Bird Rock businesses frustrated with construction


The extensive construction along La Jolla Boulevard in the Bird Rock area, which is designed to improve traffic flow, has been having a negative impact on local businesses.

Three new roundabouts are being constructed, and the entire sewer line and sewer laterals are being replaced. Finally, the street will also be repaved.

Because of the lack of parking caused by the construction, potential customers are avoiding shopping at the businesses located along the street.

“It’s very intrusive, because people avoid it because of the parking,” said Stephanie Whitlock, who owns Stephanie’s Shoes shoe store.

Jerry Klein, who has owned A Better Deal Tuxedo for twelve years, also expressed his frustration at the lack of parking for potential customers. He said there is hardly any parking available except for nearby residential areas and that there is no access to the side streets. Even walking to his store can be problematic, as construction vehicles take up space in the street.

Tom Leach, who has owned Blue Salon for the past eight years, said that customers have been up to 45 minutes late because of the unavailability of parking.

“If somebody is fortunate to get here by walking, there is no way that they can cross the street for three blocks,” said Klein, who said that his business has gone down since the construction began. He also said that the construction poses problems for his customers in particular, because dust and dirt is liable to get on their formal wear when they leave his store.

Whitlock said customers tend to frequent her store on the weekends and at night when the construction workers have gone home. Also, customers who live close to the store will often walk.

Klein has extended his hours in order to garner more business, and he has doubled his mailings. He has even gone as far as to pick up customers and bring them to his place of business.

Whitlock believes the construction will be beneficial in the end, because it will make the area “more walker and shopper friendly.”

“I think overall it will be a very positive impact for the retail community especially,” she said.

Whitlock also said she has found the contractors to be very accommodating to her needs as a merchant by working quickly and putting up signs for parking. She said that parking is available in the back of her store, which potential customers may not realize.

However, Klein, from A Better Deal Tuxedo, felt that contractors are not particularly sympathetic. “The contractors are worried about getting the job done, not how it affects businesses,” he said. He also said that the original date of completion had been postponed significantly. “We were initially told the project was going to last seven or eight months, and the date of completion has been changed dramatically,” he said. He said he knows of five other businesses that have had to close since the construction started.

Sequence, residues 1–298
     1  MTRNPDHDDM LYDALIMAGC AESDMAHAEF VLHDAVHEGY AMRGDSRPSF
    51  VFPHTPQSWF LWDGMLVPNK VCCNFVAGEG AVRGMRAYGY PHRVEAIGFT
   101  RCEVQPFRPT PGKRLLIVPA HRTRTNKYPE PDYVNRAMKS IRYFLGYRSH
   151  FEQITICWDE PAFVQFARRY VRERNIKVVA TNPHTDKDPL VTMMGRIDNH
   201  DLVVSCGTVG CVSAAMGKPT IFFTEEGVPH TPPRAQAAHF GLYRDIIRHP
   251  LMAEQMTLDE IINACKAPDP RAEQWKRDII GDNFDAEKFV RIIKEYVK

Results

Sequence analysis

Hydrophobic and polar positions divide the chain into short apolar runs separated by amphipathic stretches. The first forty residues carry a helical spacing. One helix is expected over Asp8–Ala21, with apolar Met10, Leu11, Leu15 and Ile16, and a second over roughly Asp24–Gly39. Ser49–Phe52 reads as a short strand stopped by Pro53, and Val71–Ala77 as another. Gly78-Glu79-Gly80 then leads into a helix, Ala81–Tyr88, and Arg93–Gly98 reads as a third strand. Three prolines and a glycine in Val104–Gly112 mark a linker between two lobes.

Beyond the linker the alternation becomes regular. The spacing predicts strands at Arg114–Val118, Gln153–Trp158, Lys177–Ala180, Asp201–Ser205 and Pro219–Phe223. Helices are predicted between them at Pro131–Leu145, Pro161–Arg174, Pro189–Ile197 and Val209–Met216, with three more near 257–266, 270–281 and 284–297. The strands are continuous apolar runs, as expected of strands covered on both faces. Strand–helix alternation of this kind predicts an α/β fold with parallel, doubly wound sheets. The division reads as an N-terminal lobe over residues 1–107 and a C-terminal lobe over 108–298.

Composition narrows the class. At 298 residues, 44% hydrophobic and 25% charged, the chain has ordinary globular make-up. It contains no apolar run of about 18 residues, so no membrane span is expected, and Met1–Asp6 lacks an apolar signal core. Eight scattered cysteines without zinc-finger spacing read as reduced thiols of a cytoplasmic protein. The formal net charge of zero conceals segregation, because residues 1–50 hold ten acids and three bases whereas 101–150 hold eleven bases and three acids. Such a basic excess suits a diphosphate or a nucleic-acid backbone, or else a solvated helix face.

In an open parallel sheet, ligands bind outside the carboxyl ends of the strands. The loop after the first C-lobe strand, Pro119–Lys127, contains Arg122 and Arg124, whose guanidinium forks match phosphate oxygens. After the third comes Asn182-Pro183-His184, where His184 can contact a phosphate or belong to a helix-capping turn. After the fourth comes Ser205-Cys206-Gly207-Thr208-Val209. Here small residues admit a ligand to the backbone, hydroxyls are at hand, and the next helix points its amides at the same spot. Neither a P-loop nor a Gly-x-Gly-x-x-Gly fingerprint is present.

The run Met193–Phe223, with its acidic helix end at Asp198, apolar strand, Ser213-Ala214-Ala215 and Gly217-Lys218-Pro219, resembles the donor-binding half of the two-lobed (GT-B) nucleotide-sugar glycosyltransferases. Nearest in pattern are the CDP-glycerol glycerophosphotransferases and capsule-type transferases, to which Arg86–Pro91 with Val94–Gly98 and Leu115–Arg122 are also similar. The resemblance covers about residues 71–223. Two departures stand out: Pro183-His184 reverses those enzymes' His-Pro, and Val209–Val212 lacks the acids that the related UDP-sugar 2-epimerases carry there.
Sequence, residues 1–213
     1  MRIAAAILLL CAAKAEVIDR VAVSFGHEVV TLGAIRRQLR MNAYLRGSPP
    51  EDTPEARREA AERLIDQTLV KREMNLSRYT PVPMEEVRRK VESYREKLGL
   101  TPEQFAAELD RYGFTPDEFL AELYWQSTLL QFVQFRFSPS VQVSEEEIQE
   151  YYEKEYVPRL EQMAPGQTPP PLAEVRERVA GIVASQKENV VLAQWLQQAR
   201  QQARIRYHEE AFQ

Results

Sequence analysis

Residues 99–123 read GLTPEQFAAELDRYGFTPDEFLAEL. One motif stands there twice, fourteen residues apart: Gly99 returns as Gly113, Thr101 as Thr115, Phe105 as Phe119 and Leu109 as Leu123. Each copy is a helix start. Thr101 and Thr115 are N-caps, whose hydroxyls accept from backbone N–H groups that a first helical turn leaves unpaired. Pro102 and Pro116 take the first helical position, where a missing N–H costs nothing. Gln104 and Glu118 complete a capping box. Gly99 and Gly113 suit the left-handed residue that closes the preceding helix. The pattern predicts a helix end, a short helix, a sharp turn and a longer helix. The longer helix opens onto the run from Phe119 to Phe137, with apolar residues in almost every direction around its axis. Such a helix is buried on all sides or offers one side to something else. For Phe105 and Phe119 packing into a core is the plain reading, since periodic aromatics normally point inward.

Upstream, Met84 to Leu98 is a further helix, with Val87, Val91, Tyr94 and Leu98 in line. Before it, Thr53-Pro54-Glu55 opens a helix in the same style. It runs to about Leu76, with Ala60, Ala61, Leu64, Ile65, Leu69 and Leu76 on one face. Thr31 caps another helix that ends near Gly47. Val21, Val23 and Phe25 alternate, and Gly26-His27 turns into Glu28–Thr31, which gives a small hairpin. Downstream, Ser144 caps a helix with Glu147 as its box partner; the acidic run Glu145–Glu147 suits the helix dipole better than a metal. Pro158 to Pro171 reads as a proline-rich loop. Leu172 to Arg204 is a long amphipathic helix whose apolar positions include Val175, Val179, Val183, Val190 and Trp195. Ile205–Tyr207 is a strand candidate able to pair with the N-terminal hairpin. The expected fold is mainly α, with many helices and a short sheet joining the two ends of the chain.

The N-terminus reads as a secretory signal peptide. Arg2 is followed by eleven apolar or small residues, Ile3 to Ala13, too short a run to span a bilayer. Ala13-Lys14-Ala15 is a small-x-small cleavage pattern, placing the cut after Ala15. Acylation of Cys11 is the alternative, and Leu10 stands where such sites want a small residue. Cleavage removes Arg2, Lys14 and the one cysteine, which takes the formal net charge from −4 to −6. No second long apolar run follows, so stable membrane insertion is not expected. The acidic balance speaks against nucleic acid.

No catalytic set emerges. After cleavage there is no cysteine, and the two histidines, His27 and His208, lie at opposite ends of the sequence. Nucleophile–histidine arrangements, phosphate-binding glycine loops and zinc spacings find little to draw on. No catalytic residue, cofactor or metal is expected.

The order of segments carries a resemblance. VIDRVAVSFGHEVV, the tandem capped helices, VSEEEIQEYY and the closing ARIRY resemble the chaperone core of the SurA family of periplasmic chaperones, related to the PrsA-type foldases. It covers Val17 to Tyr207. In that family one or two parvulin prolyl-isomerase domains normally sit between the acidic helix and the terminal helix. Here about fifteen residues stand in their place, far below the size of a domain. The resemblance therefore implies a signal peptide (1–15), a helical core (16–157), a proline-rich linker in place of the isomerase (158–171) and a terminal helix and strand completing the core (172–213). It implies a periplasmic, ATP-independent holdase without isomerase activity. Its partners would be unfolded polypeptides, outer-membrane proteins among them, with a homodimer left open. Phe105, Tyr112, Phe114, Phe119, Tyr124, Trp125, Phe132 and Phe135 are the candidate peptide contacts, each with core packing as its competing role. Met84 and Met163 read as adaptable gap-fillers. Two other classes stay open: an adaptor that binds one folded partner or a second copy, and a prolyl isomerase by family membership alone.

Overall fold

Leach agreed that the construction shows a lack of consideration for the impact it has on nearby businesses. “There’s been no consideration for businesses here at all,” he said. “These are private businesses. They get affected.”

Leach has been impacted financially not only because of lack of access to his salon, but because he now must keep his windows closed, which causes him to have to use air conditioning, which in turn causes his electric bill to go up. He also has had to resurface his floors.

In addition, he said he also did not see the reason for the construction in the first place, even if it is going to eventually look more pleasing. “It’s mind blowing to me that people came up with the idea to make it a smaller lane,” he said. “The roundabouts aren’t even wide enough to make the turns.”

Leach will soon be moving his business to downtown San Diego due to the construction, rising rents and what he says is an increase of crime in Bird Rock. “I love Bird Rock, but it’s not set up for commerce,” he said. He said that his business and others in the area have been broken into on several occasions and that local police are spread too thin to have much of an impact.

He feels that his new downtown location will have the benefits of being less expensive to maintain and being able to attract more customers because of access to foot traffic.

Klein said that merchants like him are in a predicament as to whether or not to voice their complaints. “We’re between a rock and a hard place. The more attention we bring to what’s going on here, the more we also alert people who will be customers to our store.”